Facts And History Of Graphology
It wasn't until much later though, that the word "graphology" appeared. It was coined by Jean Michon, a Frenchman, in the 1870s. His many years of research on handwriting analysis were first published n 1872 and are still required reading for serious students of graphology. From that time forward, an interest in graphology spread throughout Europe. As a result of the strong European interest, leading universities began to offer a Ph.D. or Master's degree in graphology through their psychology departments.
Perhaps the greatest advancement for graphology, however, was near the turn of the century when psychology emerged as a profession. Since 1895, over 2,200 researchers have been published on this subject in medical, educational and psychological journals. Interestingly, much of the recent research, as well as the utilization of graphology, still lies in Europe.
However, the most significant single breakthrough in graphology has been made here in the United States. HRC has successfully transformed this mass research into a methodology which enables even greater reliability and accuracy than that possible by an individual graphologist. With the assistance of Convergent Technologies 68020 Mighty Frame II (see CHAPS), HRC's research team has modernized an age-old "practice" into one of the most powerful personality assessment tools available today.
According to membership records of graphological organizations, there are more than 20,000 certified graphologist in the United States. However, most graphologists receive their certifications through correspondence courses that require no prerequisite psychological or criminological university training. This suggests that individuals and businesses should ascertain qualifications, education and experience of graphological firms before subscribing to their services.
A study by the American Psychological Association's annual convention revealed that graphology - conducted with the aid of computer technology - can be a reliable tool for determining traits such as honesty, emotional stability, substance abuse risk and judgment.
Unlike psychological tests, graphology does not become obsolete because of outdated or culturally discriminatory test questions. It is not even necessary that the person speak or write English.
Handwriting analysis should be used as a supplement and not a replacement to current procedures.
Because there are no essential commonalties on the basis of race, culture and gender in terms of the brain and personality, handwriting analysis is completely objective, unbiased and non-discriminatory.
In America, an estimated 5,000 corporations use handwriting analysis in a variety of ways, including employment procedures and team-building.
Businesses in European countries commonly use handwriting analysis in their employment practices. In France and Switzerland, approximately 80 percent of the large corporations use graphology in their hiring procedures.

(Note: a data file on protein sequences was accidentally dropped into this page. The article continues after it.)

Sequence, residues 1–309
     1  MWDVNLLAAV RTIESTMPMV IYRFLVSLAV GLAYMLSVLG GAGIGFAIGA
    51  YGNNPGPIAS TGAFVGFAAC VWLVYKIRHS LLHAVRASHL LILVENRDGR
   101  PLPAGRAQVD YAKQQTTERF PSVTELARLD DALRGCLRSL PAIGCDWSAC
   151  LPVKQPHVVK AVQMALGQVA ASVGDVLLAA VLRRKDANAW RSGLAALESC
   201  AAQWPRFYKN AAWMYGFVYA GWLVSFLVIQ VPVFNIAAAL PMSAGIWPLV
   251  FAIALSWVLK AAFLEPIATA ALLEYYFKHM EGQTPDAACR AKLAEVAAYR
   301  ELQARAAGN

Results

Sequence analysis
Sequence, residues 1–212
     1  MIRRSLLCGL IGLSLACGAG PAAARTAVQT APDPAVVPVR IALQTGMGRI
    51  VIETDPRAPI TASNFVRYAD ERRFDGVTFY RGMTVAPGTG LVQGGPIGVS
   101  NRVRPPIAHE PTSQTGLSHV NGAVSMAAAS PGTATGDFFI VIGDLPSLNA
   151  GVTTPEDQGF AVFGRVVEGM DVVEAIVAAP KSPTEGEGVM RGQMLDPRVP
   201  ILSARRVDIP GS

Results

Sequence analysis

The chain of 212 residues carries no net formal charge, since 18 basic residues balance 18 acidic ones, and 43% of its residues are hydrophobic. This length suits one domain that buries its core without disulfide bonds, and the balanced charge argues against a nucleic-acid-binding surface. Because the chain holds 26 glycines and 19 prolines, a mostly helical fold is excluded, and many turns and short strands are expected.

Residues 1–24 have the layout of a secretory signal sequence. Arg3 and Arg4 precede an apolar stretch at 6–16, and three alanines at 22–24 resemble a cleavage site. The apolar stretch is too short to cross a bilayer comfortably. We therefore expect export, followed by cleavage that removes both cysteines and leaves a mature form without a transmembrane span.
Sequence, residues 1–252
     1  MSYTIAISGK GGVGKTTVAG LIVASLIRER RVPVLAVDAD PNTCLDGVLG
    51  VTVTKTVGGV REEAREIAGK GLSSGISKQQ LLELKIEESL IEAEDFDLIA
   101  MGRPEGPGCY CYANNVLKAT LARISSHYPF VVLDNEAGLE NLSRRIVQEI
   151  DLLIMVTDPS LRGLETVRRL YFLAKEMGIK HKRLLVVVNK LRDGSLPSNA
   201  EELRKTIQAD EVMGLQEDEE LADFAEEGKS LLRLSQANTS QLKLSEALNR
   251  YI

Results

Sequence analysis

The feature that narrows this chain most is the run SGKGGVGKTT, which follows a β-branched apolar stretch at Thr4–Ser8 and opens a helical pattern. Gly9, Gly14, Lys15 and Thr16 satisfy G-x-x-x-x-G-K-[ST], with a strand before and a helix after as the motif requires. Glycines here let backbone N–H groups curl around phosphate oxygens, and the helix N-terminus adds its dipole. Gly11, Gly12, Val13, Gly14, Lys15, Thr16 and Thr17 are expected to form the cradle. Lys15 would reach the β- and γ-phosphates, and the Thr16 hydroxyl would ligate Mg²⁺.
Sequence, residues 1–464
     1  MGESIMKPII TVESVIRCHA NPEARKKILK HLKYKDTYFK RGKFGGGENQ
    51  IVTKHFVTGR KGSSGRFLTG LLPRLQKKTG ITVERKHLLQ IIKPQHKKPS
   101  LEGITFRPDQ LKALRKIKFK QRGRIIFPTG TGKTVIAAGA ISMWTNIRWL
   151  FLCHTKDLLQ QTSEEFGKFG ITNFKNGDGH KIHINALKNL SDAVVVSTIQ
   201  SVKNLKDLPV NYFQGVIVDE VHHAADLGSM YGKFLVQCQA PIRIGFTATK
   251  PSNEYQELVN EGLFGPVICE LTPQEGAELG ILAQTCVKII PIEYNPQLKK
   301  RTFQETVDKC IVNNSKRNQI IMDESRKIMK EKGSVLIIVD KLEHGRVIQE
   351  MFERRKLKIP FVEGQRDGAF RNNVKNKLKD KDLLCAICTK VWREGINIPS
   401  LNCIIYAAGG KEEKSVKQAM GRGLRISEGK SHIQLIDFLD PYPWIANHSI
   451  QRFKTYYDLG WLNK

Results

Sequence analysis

Graphology is taught in psychology departments of several leading universities in Germany, France, Switzerland, Holland and Israel.
Handwriting, as viewed by the Federal Courts, is considered public domain. There are no civil laws precluding the use of handwriting samples and there have been no lawsuits involving graphologists.
Graphology has been practiced for centuries and today, there are more than 2,200 published works on handwriting analysis.
According to psychologist
David Lester, Ph.D., "... a majority of the studies support the validity
of graphology and the accuracy of graphologists. Furthermore, as long as
there is a fair number of studies that demonstrate the success of graphological
judgments about people, and there does appear to be a fair number, we must
accept that graphological judgments can be valid. "(The Psychological
Basis of Handwriting Analysis, The Relationship of Handwriting to Personality
and Psychotherapy, David Lester, Ph.D., Nelson Hall, Chicago, 1981,
Marketing Research and Survey Corporation Study
In a 16-year study conducted by psychologist Herb Greenburg, President of Marketing Research and Survey Corporation, the question was asked: "What is the most important factor in job success?" After reviewing 350,000 employees at more than 7,000 companies, the study determined that: "Personality is the single most important factor in job success - not education, not experience, not age, gender, race."
Greenburg's study found no differences in job success among men or women, young or old, black or white, high school dropouts or college trained, experienced or inexperienced workers when they were matched to their jobs by personality characteristics, instead of being mismatched and therefore misemployed through traditional job criteria of race, gender, age, work-experience or education. His conclusion: "Eighty percent of noncommunist bloc workers are misemployed."
Greenburg states that job matching, that is, matching the applicant who has the right personality dynamics to the job that specifically requires those characteristics, is the key to cutting costly personnel turnover.
For more information about handwriting analysis and graphology, please visit our library of resources.
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